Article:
The Moment Dianne Lake Lost Trust In Charles Manson

Charles Manson’s “Family” had once been a refuge for young teen Dianne Lake, but she describes a savage incident with the cult leader would alter her view him.

By Jill Sederstrom
Digital Original
A Short History of Charles Manson

Charles Manson’s so-called “Family” was once a safe haven for 14-year-old Dianne Lake as the teen was searching for love and acceptance, but she began to turn against the Family after what she describes as a horrific act at the hands of the powerful cult leader.

Lake, who would later become a key witness for the prosecution in the murder trials that stunned the country, described being sexually assaulted by Manson during her time at the Spahn Ranch in the ABC special “Manson Girls.” 

“I was feeling disenfranchised with Charlie, and I wanted him to want me, and so he took me inside and I thought we were gonna make love but instead he turned me around and he sodomized me,” she said in the special that aired Tuesday. “When he was finished, he said, ‘That’s the way, you know, we do it in prison,’ and I didn’t really trust him after that.”

Despite the violation, Lake continued to live at the Ranch, although she began to pull away as Manson’s followers were becoming “darker” with more “frenetic energy” when Manson’s plans to become a successful recording artist soon transformed into preparing for a supposed race war.

Manson, she said, became obsessed with the popular Beatles song “Helter Skelter” and believed the song carried hidden messages about an ominous future.

Dianne Lake

“He was convinced that they were sending him a message that we, as a family, should go hide out until this war was over,” Lake said.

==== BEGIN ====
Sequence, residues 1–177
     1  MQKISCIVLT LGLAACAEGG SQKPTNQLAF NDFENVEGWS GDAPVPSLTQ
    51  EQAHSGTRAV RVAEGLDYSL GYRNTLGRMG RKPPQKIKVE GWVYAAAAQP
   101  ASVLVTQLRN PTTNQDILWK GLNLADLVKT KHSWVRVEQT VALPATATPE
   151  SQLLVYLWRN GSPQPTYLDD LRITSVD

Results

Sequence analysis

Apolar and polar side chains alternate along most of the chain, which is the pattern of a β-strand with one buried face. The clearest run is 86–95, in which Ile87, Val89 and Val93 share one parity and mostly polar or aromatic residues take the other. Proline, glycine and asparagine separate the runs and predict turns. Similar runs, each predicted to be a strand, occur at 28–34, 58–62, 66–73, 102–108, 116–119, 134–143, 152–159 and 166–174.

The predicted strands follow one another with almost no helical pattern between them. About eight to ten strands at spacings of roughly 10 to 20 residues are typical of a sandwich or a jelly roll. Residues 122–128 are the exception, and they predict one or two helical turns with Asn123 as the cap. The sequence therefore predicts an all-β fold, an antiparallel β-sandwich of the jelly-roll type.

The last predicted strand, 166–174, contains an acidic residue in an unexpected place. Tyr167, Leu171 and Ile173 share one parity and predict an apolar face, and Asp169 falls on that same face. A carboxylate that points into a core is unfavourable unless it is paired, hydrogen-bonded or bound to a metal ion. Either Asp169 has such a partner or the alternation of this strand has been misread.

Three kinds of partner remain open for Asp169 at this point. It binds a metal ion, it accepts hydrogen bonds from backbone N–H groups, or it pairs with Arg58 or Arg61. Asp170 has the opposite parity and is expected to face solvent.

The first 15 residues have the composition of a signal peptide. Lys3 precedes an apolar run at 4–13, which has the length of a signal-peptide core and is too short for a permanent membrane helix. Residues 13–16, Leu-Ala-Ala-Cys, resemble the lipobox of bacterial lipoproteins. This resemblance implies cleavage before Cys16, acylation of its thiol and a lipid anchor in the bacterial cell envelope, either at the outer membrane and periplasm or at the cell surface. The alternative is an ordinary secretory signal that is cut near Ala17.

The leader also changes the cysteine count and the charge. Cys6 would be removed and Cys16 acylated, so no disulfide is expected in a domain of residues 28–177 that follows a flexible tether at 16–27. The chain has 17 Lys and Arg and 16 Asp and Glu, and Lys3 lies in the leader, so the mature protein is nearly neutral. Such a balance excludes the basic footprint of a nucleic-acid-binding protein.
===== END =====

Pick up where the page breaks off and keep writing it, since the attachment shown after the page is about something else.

Lake’s despair continued to deepen in the summer of 1969.

“Spahn Ranch was very isolated, I just felt like the rocks and the trees were crying out to me, I had made a mistake,” she said. “I was just hanging on because I didn’t know where else to go.”

Lake had initially found her way to the Family after her own family joined a commune known as the Hog Farm. The young teen was already sexually active and the commune’s leaders didn’t want her to stay because they believed she was “jailbait.”

“Communes were on the rise,” Lake recently told HISTORY. “People were smoking pot on the street. There was all this free love. And I’m lost. Because the counterculture did not have a place for a sexually active 14-year-old. I was jailbait.”

She was eventually introduced to Manson by a couple she had been staying with and said she had sex with the charismatic leader the same night she met him.

“I am immediately just awestruck. That night he made love to me and I felt very much like a woman, not just a little girl, so he snagged me there, and the whole scene with the girls, I mean they were like sisters,” she told ABC of the cult’s powerful pull.

But while Manson once had a hypnotic hold on the young teen, she would eventually become one of the prosecution’s star witnesses after Manson and other cult members were arrested for a brutal series of murders, including the slaying of pregnant actress Sharon Tate and her friends.

Lake told ELLE Manson had once threatened to hang the teen, then 16, upside down and skin her alive if she ever discussed the brutal details of the crime, but she decided to testify after spending time at the Patton State Hospital. She was taken to the mental hospital after prosecutors learned that she was still technically underage.

“It's embarrassing – or it used to be – for me to admit that I spent eight months in a mental hospital. But I realize now, years later, that I needed that time. I was safe, I was protected. I went to school, I learnt how to play the flute and to crochet. I was being normal, and those things took me a long way after I got out,” she told the magazine.

Dianne Lake

Lake, who told ABC it was “devastating” to learn her friends could commit such heinous acts, was also taken in as a foster child by her arresting officer after she was released from the hospital and began to live a normal life.

Lake confronted the man who had once held such power over her in court and was able to escape Manson’s powerful hold on her to go on and get married and start a family of her own.

Now, decades later, she views the sexual revolution and free love movement from a different perspective.

“This sexual freedom provided opportunity for women to be abused or taken advantage of,” she said.

Manson was never charged with assaulting Lake.

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